'So, is this a good idea? To be honest, I really don't know, although I may revise this opinion after further thought. What I consider unacceptable is the dishonest claims behind the proposal from Council and schools, which muddy the waters.  They even trump Medway Council's previous 'great idea' back in 2019, to bid for a new grammar school, oblivious of the facts! Imagine how many surplus places there would be now if this had followed through!' What I had never expected were multiple further dishonest and incomprehensible claims from Medway Council education officers which demonstrate a complete failure to understand their own procedures. 
I was so concerned about the hamfisted and dishonest approach to this proposal, that I sent a copy of my two previous articles to all Members of Medway Council. I am appalled by the total lack of interest shown by them in the blundering and false claims of their Council, and can only assume that their motto is 'My Party right or wrong and who cares about the children'. Presumably there is an opposition.
As the Council has tried to fix the inconsistencies in its proposal, completely new ideas have emerged, which should surely  should have been included in the first place if they were realistic outcomes. The whole project is getting more complicated and slipshod with every fresh revelation and so the published proposal should certainly not serve as the basis for making a decision.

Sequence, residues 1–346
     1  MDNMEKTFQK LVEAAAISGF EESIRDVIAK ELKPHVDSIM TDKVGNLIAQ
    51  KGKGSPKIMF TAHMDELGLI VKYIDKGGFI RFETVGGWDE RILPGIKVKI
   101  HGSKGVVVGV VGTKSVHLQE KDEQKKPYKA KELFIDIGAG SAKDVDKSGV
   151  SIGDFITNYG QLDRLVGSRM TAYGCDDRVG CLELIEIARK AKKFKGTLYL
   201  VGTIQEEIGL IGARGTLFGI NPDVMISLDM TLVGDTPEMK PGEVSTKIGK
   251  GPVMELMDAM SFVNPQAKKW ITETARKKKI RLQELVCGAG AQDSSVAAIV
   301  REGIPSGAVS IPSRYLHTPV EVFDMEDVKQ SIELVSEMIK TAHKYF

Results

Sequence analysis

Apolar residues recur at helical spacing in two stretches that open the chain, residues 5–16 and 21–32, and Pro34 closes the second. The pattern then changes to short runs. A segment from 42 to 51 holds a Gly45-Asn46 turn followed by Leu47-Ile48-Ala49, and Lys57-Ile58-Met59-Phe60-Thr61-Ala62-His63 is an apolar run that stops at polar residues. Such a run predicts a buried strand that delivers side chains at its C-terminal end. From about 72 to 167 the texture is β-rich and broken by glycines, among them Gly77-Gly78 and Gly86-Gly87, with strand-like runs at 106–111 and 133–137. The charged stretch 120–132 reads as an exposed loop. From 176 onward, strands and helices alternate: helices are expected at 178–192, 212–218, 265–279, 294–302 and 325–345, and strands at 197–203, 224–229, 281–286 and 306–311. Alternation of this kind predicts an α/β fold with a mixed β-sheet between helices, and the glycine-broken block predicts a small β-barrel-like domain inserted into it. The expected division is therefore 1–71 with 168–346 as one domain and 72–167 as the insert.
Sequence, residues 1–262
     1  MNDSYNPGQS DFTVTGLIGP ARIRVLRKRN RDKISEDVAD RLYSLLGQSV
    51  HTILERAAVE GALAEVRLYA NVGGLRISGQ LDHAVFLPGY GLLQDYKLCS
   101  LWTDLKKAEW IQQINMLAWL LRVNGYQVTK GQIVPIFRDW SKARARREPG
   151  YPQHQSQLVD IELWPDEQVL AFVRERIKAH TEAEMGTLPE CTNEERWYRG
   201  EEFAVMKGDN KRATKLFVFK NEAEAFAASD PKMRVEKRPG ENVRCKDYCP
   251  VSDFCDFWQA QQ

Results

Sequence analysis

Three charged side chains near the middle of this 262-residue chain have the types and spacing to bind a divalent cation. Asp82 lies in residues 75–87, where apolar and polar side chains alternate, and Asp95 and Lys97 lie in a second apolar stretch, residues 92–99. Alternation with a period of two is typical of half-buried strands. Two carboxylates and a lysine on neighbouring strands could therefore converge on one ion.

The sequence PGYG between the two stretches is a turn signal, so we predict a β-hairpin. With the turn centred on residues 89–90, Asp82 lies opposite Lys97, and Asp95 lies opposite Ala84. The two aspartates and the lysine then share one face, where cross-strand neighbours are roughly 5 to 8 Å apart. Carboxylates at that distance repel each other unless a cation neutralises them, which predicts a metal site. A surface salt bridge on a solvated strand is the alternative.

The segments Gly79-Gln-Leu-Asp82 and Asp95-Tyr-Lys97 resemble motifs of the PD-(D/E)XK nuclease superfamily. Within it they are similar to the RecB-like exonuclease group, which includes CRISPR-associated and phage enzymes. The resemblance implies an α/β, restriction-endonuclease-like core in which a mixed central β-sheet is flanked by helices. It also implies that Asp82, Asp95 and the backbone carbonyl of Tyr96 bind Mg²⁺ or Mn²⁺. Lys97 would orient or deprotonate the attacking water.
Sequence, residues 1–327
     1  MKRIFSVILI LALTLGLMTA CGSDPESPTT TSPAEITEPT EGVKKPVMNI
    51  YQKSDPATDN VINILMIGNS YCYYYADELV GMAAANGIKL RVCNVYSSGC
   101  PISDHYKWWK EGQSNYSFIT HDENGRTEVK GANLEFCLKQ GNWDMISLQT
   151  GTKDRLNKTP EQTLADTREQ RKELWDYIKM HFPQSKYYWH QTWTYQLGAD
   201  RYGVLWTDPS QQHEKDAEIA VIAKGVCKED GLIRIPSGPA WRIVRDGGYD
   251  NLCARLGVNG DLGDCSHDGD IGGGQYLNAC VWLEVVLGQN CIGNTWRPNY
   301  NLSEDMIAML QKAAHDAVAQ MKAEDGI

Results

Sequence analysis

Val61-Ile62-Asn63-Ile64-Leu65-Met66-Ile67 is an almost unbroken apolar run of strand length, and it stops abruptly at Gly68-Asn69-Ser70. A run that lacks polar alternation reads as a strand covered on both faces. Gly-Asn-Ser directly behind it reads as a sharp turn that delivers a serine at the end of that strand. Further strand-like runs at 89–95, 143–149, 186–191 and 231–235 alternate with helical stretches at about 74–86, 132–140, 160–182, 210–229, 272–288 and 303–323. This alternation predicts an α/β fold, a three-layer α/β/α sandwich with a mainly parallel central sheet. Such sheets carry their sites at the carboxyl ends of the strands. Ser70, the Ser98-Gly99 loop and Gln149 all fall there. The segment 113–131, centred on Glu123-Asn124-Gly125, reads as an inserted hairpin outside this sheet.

It has rightly been said that I am highly critical of Medway Council and its many failures to  support local children's education. In order to provide the evidence for my belief, you will find a selection of 77 articles I have written on the subject since 2010 if you follow the link here. However, the list does not cover a similar number again of the routine annual reports about: the Medway Test and Review; school allocation data; Ofsted; performance; and most primary school articles, all of which can easily be found via my search engine. Try a few!




Last modified on Monday, 08 August 2022 15:22


  • Comment Link Monday, 08 August 2022 22:45 posted by Medway primary school parent

    At the Children and Young People Overview and Scrutiny Committee Meeting over a week ago, the main sense of the meeting was that there was minimal interest in the proposal. None of your allegations made the floor. Does anyone care? PETER: I have not made allegations, I have demonstrated that the Council is lying on a number of fronts. You are absolutely right; no one in Authority appears to care about the facts so why should anyone else. Its just a major and pointless shake up in structures, costing at least £2.5 million at a time when those schools should be focusing on providing their children with stability above all. Not even the media have any interest in what is happening.